Pubdate: Tue, 21 Nov 2006
Source: Times, The (Fairfax County, VA)
Copyright: 2006 Times Community Newspapers
Author: Mike Townsend
Note: Mr. Townsend is the Executive vice president and director of 
the Methamphetamine Demand Reduction Program for The Partnership for 
a Drug-Free America
Bookmark: (Opinion)
Bookmark: (Methamphetamine)


The U.S. Department of Justice has declared Thursday, Nov. 30, 
National Meth Awareness Day, an opportunity to collectively address a 
threat of increasing concern to Northern Virginia communities: abuse 
of the highly addictive drug methamphetamine.

Surveying the devastation meth has brought to regions of the West and 
Midwest, Northern Virginia is comparatively fortunate. The area has 
yet to feel the full force of meth, a drug that breeds crime and 
violence, saps law enforcement and health care resources, and is 
associated with heartbreaking child abuse and neglect.

However, it would be naive to expect that the affluence or desirable 
location of neighborhoods will be enough to keep this drug from 
taking hold. Concerted efforts to raise awareness and mobilize the 
community are imperative to preventing meth from spreading further.

Meth has made slow but steady inroads already. While meth lab 
incidents are low - two meth labs were seized in Prince William 
County over the past three years and the total number of lab 
incidents in the state this year to date has totaled 11 - the 
availability of imported meth from Mexico is increasing. Arrests for 
meth possession in Northern Virginia suggest an increasing demand for 
this dangerous drug.

Meth users are violent and paranoid and pose a danger to themselves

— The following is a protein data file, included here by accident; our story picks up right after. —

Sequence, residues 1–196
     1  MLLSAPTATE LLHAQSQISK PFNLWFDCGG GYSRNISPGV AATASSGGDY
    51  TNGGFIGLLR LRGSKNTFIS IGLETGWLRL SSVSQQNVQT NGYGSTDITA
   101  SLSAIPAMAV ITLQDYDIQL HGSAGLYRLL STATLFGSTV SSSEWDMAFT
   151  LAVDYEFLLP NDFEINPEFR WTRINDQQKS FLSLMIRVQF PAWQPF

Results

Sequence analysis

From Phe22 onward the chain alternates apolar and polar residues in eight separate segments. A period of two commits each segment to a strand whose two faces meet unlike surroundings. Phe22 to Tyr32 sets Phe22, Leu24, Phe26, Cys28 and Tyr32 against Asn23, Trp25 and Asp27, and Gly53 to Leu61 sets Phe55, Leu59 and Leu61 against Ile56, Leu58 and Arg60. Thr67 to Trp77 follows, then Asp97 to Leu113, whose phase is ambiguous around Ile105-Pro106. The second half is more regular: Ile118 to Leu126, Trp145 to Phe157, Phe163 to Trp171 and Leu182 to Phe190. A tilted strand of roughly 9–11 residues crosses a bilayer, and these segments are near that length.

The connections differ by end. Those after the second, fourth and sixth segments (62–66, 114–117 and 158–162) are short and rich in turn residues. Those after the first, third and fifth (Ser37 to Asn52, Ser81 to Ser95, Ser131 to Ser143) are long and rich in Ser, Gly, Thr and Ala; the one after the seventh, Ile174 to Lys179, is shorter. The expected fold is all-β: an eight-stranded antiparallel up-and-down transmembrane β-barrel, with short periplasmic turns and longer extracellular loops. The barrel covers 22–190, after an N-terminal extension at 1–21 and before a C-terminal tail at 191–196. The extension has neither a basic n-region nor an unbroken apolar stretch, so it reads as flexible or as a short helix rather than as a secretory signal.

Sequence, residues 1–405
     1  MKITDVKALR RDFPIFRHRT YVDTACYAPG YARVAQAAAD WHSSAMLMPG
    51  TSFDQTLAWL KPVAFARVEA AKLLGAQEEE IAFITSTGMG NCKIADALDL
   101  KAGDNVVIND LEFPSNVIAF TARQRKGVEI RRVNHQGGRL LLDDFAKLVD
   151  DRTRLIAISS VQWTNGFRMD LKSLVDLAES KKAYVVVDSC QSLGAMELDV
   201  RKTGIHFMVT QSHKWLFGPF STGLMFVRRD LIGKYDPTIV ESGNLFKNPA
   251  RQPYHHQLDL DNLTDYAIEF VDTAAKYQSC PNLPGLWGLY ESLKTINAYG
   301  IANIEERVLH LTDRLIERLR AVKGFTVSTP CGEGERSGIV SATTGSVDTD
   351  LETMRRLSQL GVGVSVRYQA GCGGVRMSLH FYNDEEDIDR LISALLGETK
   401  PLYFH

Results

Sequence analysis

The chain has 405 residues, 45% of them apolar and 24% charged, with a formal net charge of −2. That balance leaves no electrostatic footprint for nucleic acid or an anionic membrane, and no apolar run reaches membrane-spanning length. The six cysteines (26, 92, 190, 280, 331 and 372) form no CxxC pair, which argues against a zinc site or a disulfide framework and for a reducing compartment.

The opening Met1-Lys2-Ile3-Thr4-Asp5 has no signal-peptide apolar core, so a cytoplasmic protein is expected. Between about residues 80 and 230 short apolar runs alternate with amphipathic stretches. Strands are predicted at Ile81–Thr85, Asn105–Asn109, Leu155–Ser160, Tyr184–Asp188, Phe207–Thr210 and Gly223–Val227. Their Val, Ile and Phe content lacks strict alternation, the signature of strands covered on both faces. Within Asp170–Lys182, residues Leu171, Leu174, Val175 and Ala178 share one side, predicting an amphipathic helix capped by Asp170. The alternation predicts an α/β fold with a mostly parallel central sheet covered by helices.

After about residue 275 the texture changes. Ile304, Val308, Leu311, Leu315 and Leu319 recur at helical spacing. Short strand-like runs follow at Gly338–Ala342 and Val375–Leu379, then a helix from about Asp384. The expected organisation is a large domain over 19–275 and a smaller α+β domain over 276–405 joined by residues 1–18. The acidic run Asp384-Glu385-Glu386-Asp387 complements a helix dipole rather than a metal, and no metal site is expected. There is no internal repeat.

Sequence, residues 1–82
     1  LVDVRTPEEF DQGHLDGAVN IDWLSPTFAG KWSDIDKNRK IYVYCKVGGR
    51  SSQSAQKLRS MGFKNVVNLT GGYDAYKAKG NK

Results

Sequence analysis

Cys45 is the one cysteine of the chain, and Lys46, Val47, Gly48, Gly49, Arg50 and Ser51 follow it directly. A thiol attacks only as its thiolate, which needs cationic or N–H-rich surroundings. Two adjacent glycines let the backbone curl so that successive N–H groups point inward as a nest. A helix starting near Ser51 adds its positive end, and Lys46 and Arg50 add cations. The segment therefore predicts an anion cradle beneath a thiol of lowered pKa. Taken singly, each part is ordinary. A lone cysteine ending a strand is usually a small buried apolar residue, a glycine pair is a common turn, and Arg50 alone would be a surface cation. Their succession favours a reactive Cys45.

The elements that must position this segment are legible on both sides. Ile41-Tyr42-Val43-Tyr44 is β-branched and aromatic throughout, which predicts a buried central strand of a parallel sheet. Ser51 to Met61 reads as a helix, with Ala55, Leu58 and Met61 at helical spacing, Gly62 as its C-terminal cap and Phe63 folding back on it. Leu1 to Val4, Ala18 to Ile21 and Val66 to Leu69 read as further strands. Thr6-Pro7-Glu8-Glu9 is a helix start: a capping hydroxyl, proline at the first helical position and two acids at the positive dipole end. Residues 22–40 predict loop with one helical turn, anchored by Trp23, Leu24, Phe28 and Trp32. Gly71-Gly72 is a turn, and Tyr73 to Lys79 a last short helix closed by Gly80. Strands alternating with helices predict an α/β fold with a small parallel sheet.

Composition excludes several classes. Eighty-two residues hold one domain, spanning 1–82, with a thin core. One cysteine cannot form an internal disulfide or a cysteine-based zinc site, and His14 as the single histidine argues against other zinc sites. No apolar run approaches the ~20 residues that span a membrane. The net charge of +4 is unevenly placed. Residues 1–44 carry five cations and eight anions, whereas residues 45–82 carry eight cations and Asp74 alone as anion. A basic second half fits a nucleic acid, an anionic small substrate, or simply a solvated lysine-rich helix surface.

and others. In Fairfax, a man was recently arrested after he set 
himself on fire, suffering from severe hallucinations induced by a 
days-long meth binge.

Encounters like these have only steeled determination to reverse this 
trend, but meth cannot be shut out through law enforcement alone - 
parents and concerned citizens play a vital role in turning the tide 
on meth by learning about this threat and spreading the word.

The Prince William and Fairfax County police departments, along with 
local substance abuse treatment and prevention professionals and the 
Partnership for a Drug-Free America, are participating in a new 
community outreach program called Meth360. Visiting local Rotary and 
Lions clubs, hospitals, citizens' advisory councils, churches and 
other business and civic organizations, Meth360 teams are delivering 
meth prevention presentations throughout Northern Virginia. Since 
July, more than 700 residents have been educated about the dangerous 
realities of meth and challenged to educate others in the community, 
starting in their own homes.

Parents are the cornerstone of drug use prevention. Research shows 
that teens who learn a lot about the risks of drugs at home - from a 
parent, mentor or caring adult - are up to 50 percent less likely to 
use drugs. Building a future safe from meth means ensuring that our 
children are well informed and equipped to make healthy decisions 
about drug use. Every parent has the responsibility to take time to 
learn about meth and other drugs and pass the information along 
through frequent, open conversations with their kids.

Meth is a costly problem for communities, both socially and 
economically, but community action is a powerful tool to help keep 
meth at bay. Concerned citizens can engage the business and health 
care communities, local leaders and media in their efforts to raise 
awareness about methamphetamine. Volunteer opportunities through 
faith-based organizations, schools or community services boards are 
another powerful way to reach others who will benefit from learning 
about the risks of meth. Within the workplace and neighborhoods, 
spreading awareness of the signs and symptoms of meth use and 
production increases public safety and may encourage someone in need 
of help for meth addiction to seek treatment.

Meth has brought unfathomable damage and devastation to hundreds of 
communities across the country. Armed with the lessons learned from 
the hardship of others, no one in Northern Virginia should remain 
unaware or unconvinced that you can, and must, protect the families 
and communities of tomorrow from the methamphetamine scourge. 
Collectively, we all can make a difference.
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MAP posted-by: Richard Lake